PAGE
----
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[208] which we can move offensively. Of course we cannot recross the river here. I could easily have held the bridge-head at the railroad, but it would have been useless, as we could not possibly advance from that point. Please give me your views and wishes.

This was answered by General Thomas at ‘8 P. M.,’ the answer being received by me next morning, November 29.

It is thus seen that up to the morning of November 28 I was still hoping for reinforcements on the line of Duck River, and thought I could stop Hood's advance by any line near the Columbia and Franklin pike, which I then held, as well as meet in good time any distant movement to turn my position. Accordingly, at 9:10 A. M. that day I telegraphed General Thomas:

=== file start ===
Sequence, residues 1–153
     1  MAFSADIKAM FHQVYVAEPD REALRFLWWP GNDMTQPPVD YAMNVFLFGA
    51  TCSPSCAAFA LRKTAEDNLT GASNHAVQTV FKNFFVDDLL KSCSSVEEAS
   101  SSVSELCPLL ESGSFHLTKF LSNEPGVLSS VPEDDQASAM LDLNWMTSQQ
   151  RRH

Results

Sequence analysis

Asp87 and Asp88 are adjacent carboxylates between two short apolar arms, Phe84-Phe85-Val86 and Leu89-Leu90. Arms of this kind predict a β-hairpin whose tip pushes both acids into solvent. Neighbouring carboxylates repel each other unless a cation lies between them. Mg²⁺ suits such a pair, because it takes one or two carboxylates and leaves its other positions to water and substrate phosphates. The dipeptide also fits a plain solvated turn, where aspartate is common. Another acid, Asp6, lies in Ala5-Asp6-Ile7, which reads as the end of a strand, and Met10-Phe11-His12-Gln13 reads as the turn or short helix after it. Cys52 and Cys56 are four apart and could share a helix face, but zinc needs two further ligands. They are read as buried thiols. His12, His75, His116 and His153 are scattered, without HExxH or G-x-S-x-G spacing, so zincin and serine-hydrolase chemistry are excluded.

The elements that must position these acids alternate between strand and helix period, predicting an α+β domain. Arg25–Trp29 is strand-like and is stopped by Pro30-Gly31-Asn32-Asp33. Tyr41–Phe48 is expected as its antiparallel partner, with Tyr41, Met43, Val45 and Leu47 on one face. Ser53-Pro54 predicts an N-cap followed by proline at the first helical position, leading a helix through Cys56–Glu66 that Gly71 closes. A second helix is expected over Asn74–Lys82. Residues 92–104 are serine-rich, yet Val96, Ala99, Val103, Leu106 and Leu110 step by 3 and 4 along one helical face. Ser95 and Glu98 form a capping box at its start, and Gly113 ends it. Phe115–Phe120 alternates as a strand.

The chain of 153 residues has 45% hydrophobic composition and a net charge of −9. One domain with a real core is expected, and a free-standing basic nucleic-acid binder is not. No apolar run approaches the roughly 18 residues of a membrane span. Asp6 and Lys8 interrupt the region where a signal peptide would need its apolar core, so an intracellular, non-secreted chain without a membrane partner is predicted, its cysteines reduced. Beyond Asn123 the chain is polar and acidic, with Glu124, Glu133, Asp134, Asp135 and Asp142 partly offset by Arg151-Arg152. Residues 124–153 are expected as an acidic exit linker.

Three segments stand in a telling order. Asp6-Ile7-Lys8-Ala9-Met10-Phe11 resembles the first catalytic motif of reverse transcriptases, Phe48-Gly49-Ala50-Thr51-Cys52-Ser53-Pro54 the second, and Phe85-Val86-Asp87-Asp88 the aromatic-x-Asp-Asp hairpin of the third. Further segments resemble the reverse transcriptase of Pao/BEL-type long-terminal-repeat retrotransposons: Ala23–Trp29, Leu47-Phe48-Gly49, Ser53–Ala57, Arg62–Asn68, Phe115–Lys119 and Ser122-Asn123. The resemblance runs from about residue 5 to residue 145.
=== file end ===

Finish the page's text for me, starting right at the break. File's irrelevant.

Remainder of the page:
I have all the fords above and below this place well watched and guarded as far as possible. Wilson is operating with his main force on my left. The enemy does not appear to have moved in that direction yet to any considerable distance. I will probably be able to give you pretty full information this evening. Do you not think the infantry at the distant crossings below here should now be withdrawn and cavalry substituted? I do not think we can prevent the crossing of even the enemy's cavalry, because the places are so numerous. I think the best we can do is to hold the crossings near us and watch the distant ones.

But I learned soon after noon of the same day that our cavalry found the fords so numerous that they could hardly watch them all, much less guard any of them securely; and a little later I learned that the enemy's cavalry had forced a crossing at some point only a few miles above, between Huey's Mill and the Lewisburg-Franklin pike. At 2:30 P. M. I telegraphed General Thomas:

The enemy was crossing in force a short distance this side of the Lewisburg pike at noon to-day, and had driven our cavalry

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